Figure 24, left, shows the Cat’s Eye Nebula (NGC 6543) in the constellation Draco, at a distance of about 3,300 light-years. The middle figure shows the well-known planetary nebula, the Ring Nebula in the constellation Lyra (NGC 6720, distance 4100 light years) and the right figure the Eskimo Nebula (NGC 2392) in the constellation Gemini, at a distance of 2,900 light-years. 

The remaining very hot naked sun center of carbon and oxygen is called a “white dwarf”. Although he is only as big as the earth, he has about half the original mass of the Sun. The particle density in a white dwarf is so high that one cubic centimeter of its mass weighs about 1 ton of weight in the terrestrial system. 

Figure 25: The white dwarf (artistic representation), which is remaining from the sun and has only the size of Earth, envelopes the Earth’s surface in a pale light. A merger on the remaining sun will not longer takes place. It shines because it has a surface temperature of more than 100,000 C, which decreases over the next billion years slowly. Their remaining mass of approximately 50% of the old solar mass is sufficient to bind the earth to it. It is impossible, that life may arise on the earth again. 

After this excursion into the future (the scenarios were developed according to the knowledge of astrophysics and summarize the current knowledge roughly), back to the present, and how the dynamic solar today and in the recent past influences weather and climate on Earth on smaller time scales and how it will continue moderating. For this we take a look at the sun in its interior.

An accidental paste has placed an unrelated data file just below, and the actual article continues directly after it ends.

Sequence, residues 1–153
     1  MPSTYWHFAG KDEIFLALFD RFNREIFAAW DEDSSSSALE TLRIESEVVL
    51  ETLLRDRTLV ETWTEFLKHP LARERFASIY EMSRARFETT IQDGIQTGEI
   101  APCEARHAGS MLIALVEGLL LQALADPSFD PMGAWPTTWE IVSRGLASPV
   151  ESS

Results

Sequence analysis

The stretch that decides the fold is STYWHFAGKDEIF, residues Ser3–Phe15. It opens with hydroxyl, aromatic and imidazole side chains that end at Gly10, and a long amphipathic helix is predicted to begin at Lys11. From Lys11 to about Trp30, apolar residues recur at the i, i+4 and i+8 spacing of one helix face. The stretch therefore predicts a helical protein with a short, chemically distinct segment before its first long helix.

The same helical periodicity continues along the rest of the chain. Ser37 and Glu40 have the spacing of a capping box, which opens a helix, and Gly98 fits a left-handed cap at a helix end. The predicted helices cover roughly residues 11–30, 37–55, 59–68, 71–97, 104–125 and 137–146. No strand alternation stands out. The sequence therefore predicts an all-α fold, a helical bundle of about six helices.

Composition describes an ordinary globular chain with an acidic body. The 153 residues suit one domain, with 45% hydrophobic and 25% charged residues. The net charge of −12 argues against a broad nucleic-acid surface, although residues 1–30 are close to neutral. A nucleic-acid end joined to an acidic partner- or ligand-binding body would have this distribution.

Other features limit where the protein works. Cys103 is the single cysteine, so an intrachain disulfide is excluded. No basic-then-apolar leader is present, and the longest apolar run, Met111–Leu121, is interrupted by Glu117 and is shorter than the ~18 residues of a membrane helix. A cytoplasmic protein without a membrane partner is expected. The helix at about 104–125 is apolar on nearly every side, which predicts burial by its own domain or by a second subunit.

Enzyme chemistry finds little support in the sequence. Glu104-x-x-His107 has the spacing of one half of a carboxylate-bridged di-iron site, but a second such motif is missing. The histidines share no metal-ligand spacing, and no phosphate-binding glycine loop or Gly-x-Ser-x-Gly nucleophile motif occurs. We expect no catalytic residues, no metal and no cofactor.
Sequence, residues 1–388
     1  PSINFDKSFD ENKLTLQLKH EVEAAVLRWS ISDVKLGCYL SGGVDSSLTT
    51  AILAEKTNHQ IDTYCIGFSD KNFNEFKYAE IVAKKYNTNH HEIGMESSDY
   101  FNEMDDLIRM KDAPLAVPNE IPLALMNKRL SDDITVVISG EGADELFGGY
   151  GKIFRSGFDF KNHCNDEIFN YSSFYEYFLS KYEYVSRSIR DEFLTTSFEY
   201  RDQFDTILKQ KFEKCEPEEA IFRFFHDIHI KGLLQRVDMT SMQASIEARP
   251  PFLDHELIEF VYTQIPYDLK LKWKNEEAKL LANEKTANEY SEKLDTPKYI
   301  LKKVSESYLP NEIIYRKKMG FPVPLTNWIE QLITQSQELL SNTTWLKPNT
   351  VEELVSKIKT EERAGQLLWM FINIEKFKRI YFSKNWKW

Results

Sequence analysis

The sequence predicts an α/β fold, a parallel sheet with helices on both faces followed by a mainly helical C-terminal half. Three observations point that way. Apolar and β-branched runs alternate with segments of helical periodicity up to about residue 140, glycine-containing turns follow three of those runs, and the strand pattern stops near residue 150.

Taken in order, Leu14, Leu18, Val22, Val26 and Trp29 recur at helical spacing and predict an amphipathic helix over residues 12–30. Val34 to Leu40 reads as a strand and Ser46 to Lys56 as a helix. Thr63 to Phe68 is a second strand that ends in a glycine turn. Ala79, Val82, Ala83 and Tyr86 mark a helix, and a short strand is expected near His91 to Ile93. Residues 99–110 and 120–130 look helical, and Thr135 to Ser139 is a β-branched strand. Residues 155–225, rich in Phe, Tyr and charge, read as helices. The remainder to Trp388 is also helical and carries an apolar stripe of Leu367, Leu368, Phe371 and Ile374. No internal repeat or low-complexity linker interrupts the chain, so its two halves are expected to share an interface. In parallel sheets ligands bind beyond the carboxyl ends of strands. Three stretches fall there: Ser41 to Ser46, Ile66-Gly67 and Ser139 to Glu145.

Figure 26 shows acoustic measured fluctuations and eddies in the solar interior (left and middle), and measured temperature-/density-changes in the Sun (right) Source: SOHO. The sun is not a static entity. Her energy fluctuations and their impact on the earth on small time scales are quite considerable. 

So far, only the fusion power of the sun was considered. In addition, the sun radiates electromagnetic energy generated off into space. While the fusion power is relatively constant over short time scales, the magnetic activity of the sun varies considerably, thus controlling our weather systems. 

The graphics are fascinating. See them, plus read this and other articles at Mail Magazine 24